The end of the age of globalisation

The economic consequences of Russia’s bloody and despicable assault on Ukraine are very much a secondary consideration to the immediate human and geopolitical implications. And since the various national responses to the conflict are still so fluid, it is far too early to be able to identify the war’s precise longer-term economic effects. Nevertheless, it is possible to suggest tentatively what could unfold on the international economic front. While today’s military confrontation appears to revive US leadership of the old West, because of its dominant military capabilities, in the longer term it is likely to speed up the shift to a post-American world. The invasion could hasten the demise of the US-led economic order.

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The fatalism of the inflation debate

When it comes to the misery of falling living standards, we don’t need a fevered and fatalist debate around rising prices and some short-term counter-inflationary devices, but a proper plan for economic growth. The wealth from rising productivity is the only reliable source of durable prosperity. Moreover, it would allow society to deal better with material disruptions of the sort we have had to endure over the past two years of restrictions and lockdowns.

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Why China haunts America

The events of 2021 confirmed that the US political class sees containing China as its No1 foreign-policy goal. Indeed, China is now one of the few issues that publicly unites Republicans and Democrats. Treating China as the biggest external threat to America can no longer be regarded as a Trumpian aberration. The Joe Biden administration has been similarly focused on China, building on a theme that goes back at least to Barack Obama’s ‘pivot to Asia’ 10 years earlier.

America’s growing antagonism towards China owes less to the rise of a new power and to a rapidly changing world than to the domestically driven insecurities and drift afflicting the US elite – a situation with parallels in Britain and the other ageing Western powers.

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How to bring about a high-wage economy

According to some pundits, the empty petrol stations and gaps on supermarket shelves are a forewarning of another ‘winter of discontent’ – a reference to 1978-9, when widespread strike action brought the UK to a standstill.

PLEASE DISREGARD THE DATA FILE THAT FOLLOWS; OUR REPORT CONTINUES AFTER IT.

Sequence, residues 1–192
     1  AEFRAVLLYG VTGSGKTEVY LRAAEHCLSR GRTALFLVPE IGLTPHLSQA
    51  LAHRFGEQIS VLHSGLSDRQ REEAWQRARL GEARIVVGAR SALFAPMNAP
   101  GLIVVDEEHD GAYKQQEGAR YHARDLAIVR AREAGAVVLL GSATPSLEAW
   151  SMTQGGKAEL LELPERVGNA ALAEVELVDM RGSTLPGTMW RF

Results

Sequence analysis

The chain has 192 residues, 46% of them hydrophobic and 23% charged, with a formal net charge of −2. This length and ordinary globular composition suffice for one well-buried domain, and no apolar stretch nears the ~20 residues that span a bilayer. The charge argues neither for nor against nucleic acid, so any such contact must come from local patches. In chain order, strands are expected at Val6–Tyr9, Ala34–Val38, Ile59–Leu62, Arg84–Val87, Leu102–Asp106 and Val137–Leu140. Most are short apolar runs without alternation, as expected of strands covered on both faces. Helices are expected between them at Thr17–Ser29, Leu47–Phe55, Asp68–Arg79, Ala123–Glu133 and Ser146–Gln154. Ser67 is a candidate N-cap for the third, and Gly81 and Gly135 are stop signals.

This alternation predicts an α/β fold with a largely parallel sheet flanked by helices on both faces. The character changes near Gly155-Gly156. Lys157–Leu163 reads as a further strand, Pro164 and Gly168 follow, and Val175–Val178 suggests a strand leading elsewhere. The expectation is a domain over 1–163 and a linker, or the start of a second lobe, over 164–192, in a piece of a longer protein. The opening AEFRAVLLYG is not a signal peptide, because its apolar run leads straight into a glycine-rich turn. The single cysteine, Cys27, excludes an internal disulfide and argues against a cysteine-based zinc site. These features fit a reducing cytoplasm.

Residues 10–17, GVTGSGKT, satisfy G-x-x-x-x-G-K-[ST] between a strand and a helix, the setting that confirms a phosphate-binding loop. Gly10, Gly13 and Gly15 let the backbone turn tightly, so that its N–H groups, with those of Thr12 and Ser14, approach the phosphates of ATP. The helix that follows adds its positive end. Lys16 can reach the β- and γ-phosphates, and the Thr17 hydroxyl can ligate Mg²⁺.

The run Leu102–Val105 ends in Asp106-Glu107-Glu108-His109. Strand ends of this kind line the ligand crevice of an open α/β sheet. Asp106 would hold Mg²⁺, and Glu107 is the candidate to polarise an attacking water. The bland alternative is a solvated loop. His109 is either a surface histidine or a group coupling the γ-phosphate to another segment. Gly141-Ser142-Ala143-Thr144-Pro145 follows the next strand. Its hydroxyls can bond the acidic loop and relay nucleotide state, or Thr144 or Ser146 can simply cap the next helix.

In the energy crisis, some see a return to the oil crisis of 1973-4, when OPEC imposed an oil embargo on the likes of the UK and the US because of their support for Israel during the Yom Kippur War.

And, as prices rise across the board, there is a great deal of speculation about a return of 1970s-style ‘stagflation’, when economic stagnation co-existed with sharply rising prices, precipitating a cost-of-living crisis.

As evocative as these trips down economic memory lane are, they do not help us understand what is going on today. The general fashion for reaching for old labels, such as new New Deals or new Cold Wars, to describe the present often obscures what is distinctive about the contemporary moment – and this certainly applies to our current economic situation.

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Shutdown: the end of an economic era?

Particular crises rarely change everything by themselves, but they can amplify what was already underway. This is how economic historian Adam Tooze approaches the Covid crisis in Shutdown: How Covid Shook the World’s Economy. He presents it as an event that brought pre-existing trends to the surface.

Shutdown is one of the first extended economic histories of the pandemic. It covers a single year, from Chinese president Xi Jinping’s public acknowledgment of the outbreak of a novel coronavirus in January 2020 to US president Joe Biden’s inauguration exactly 12 months later. The bulk of Shutdown is a comprehensive month-by-month commentary on the progression of the pandemic, the varied government responses to it and the economic, financial and political fallout.

Read the full review here of Adam Tooze’s new book Shutdown: How Covid Shook the World’s Economy.